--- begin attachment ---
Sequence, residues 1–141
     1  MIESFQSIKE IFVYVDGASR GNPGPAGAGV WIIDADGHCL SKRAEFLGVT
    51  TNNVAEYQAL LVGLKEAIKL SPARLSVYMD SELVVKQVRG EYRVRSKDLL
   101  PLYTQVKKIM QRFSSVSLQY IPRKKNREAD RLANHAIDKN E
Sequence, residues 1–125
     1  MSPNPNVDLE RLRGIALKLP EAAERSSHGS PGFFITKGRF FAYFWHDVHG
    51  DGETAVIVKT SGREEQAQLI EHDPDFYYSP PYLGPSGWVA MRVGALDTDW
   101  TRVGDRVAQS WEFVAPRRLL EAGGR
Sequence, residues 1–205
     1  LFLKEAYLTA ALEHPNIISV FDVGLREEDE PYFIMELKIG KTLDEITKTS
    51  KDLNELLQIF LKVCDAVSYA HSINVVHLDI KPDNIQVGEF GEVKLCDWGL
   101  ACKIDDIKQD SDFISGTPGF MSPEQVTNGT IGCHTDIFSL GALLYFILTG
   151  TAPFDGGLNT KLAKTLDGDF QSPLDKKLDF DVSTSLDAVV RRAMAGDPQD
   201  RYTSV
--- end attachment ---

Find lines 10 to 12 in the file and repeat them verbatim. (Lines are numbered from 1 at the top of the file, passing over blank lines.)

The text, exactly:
     1  LFLKEAYLTA ALEHPNIISV FDVGLREEDE PYFIMELKIG KTLDEITKTS
    51  KDLNELLQIF LKVCDAVSYA HSINVVHLDI KPDNIQVGEF GEVKLCDWGL
   101  ACKIDDIKQD SDFISGTPGF MSPEQVTNGT IGCHTDIFSL GALLYFILTG